Do you know what the rotator cuff is? Do you know it’s not just one thing? Have you ever been told that you’ve hurt (or torn) your rotator cuff?
Despite being discussed as a single structure, there are actually four different muscles that make up the rotator cuff. These muscles travel from different parts of your shoulder blade and attach on the ball of your arm bone (humerus). You may have heard their names before – supraspinatus, infraspinatus, subscapularis, and teres minor. Although these names are fun, no need to become caught up in their differences just yet!
We talk about the ‘rotator cuff’ as one because these muscles work so closely together. It’s their job to help you lift your arm, rotate it when throwing, or reaching behind/across your body; and it’s also their job to assist with stability at the shoulder joint when you reach, lift, throw, push through your arms… or really anything that involves movement at the shoulder!
These muscles are extremely active much of the time – in life, work, exercise, fun, you name it! Because of this, it’s super common to have overuse injuries here. In fact, this is most often how we see a rotator cuff injury develop. There are some instances when a traumatic event leads to an injury; and sometimes these require more invasive treatment. However, most of the time, repetitive motions, certain movement patterns or biomechanics, and time in general can contribute to developing a rotator cuff injury. We often diagnose this as shoulder impingement, although more accurately should be called a rotator cuff tendinopathy.
A surprising bit of info here is how common these ‘injuries’ are! 1/3 of adults over 30 years old will have abnormal findings on an MRI… and that number jumps to 2/3 over the age of 70! Even more, 2/3 of people will have abnormal findings on an MRI even after a surgically repaired rotator cuff. With these stats, does it mean that all of these people need to see a physician or physical therapist? Not necessarily! An MRI detecting an ‘abnormality’ is not an absolute that that person will have pain or dysfunction. We need to assess their function, strength, and ability to do the tasks they need to in their life before making that decision! Many people go through life without issue, even if an MRI would argue otherwise. So, what about those people who do have problems? Shoulder issues are really common, right?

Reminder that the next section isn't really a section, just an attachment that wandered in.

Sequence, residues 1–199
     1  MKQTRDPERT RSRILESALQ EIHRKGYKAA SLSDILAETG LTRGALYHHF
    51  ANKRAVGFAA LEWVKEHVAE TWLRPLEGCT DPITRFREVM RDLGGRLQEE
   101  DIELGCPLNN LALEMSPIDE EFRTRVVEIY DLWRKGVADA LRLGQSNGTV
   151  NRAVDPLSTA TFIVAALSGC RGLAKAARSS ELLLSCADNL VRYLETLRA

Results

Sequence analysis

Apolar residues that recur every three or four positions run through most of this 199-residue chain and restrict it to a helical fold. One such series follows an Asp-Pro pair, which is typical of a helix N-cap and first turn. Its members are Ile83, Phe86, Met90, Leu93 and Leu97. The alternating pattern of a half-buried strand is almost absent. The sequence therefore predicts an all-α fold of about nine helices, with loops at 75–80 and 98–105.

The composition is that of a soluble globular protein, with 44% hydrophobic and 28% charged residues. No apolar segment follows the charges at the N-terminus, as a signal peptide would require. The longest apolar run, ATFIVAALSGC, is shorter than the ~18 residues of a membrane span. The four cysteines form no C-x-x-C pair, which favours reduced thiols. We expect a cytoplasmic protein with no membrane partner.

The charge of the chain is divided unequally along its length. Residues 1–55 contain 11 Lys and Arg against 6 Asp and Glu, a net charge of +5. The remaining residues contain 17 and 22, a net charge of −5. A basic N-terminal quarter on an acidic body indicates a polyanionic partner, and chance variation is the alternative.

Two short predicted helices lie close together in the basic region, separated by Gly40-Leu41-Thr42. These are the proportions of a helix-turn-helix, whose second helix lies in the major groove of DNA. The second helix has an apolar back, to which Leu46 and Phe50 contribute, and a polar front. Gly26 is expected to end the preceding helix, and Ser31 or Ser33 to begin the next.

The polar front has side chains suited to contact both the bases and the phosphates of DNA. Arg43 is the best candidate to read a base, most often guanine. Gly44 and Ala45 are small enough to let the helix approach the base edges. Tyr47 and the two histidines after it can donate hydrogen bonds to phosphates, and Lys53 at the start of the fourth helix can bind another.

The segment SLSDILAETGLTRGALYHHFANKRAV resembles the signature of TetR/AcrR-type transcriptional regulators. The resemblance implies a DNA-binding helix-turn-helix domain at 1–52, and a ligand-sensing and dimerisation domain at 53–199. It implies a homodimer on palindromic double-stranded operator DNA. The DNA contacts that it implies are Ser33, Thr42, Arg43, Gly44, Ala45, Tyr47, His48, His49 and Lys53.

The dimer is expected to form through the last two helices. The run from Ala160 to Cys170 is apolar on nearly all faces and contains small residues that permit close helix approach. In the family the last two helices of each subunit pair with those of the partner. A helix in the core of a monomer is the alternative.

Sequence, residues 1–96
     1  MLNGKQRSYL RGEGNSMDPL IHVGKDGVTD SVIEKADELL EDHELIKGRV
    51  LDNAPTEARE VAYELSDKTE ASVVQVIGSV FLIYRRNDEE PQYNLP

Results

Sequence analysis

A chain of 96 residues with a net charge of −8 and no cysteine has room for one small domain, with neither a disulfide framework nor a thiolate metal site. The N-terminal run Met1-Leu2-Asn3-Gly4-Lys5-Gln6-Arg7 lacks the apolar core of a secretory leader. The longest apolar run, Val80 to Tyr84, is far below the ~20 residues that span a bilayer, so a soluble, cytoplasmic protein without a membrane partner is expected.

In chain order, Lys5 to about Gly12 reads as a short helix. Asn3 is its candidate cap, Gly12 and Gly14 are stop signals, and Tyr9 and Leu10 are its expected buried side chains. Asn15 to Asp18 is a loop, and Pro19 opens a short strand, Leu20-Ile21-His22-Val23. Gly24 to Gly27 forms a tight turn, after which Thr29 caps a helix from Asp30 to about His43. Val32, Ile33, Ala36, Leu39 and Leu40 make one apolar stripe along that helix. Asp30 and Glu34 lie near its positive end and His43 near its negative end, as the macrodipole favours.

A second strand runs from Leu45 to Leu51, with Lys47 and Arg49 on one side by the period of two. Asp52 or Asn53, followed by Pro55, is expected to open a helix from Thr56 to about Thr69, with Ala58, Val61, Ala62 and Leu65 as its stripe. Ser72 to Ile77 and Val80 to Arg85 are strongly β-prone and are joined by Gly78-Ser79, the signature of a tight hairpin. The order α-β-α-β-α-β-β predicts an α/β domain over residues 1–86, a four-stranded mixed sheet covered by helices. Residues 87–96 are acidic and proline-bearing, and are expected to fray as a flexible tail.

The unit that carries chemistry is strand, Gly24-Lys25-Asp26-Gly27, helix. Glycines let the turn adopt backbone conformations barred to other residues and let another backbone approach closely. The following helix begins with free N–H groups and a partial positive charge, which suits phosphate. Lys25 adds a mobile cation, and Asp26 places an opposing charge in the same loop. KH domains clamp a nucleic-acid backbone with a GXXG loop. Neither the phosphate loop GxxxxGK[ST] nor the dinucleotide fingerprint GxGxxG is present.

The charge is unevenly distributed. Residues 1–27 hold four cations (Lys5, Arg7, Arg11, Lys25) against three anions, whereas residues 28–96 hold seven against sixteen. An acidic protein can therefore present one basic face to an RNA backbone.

In the absence of a significantly traumatic event, rotator cuff related pain responds very well to conservative interventions. Physical therapy is one of the first treatment options. Interventions include pain management, regaining shoulder mobility, strengthening the four rotator cuff muscles (as well as other muscles of the shoulder), and improving dynamic stability and neuromuscular control - all so those muscles can provide stability through all that life throws at you!
So, if you find yourself with shoulder pain, don’t go running to your physician, to get an MRI, or a cortisone injection just yet! Of course, there is a time and place for these, but we can often save time and money by identifying the root cause of that shoulder pain and providing it with exactly what it needs.
Shoulders are so important for a high quality life! Be sure to give yours the TLC they deserve, and to be proactive about keeping them healthy for the long haul!
Check out some of our favorites for the shoulder on our Youtube Channel.
If you find yourself having a hard time returning to the activities that matter, or your shoulder pain seems to be lingering around, seeking care from a professional can lead to a specific plan for what YOU need. I recommend setting aside 30 minutes to give us a call and figure out exactly what may be causing your pain and how you can resolve it.
We’re always here to talk and answer questions along the way. Cheers!
Dr. Elle Carlson